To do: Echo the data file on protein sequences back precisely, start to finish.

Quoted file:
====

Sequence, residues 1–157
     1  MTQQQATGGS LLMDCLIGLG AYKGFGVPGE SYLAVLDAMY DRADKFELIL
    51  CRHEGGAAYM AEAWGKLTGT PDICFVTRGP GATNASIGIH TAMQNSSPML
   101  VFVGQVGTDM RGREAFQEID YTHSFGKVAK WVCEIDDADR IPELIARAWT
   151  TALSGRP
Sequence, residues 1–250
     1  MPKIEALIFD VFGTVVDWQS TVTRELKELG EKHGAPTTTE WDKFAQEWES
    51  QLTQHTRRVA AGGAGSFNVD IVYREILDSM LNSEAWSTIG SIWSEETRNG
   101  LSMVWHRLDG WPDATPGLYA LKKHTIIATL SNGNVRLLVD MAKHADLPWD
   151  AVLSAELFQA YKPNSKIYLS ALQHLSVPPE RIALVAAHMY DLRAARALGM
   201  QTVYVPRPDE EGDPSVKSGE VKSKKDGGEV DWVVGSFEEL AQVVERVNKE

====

Sequence, residues 1–157
     1  MTQQQATGGS LLMDCLIGLG AYKGFGVPGE SYLAVLDAMY DRADKFELIL
    51  CRHEGGAAYM AEAWGKLTGT PDICFVTRGP GATNASIGIH TAMQNSSPML
   101  VFVGQVGTDM RGREAFQEID YTHSFGKVAK WVCEIDDADR IPELIARAWT
   151  TALSGRP
Sequence, residues 1–250
     1  MPKIEALIFD VFGTVVDWQS TVTRELKELG EKHGAPTTTE WDKFAQEWES
    51  QLTQHTRRVA AGGAGSFNVD IVYREILDSM LNSEAWSTIG SIWSEETRNG
   101  LSMVWHRLDG WPDATPGLYA LKKHTIIATL SNGNVRLLVD MAKHADLPWD
   151  AVLSAELFQA YKPNSKIYLS ALQHLSVPPE RIALVAAHMY DLRAARALGM
   201  QTVYVPRPDE EGDPSVKSGE VKSKKDGGEV DWVVGSFEEL AQVVERVNKE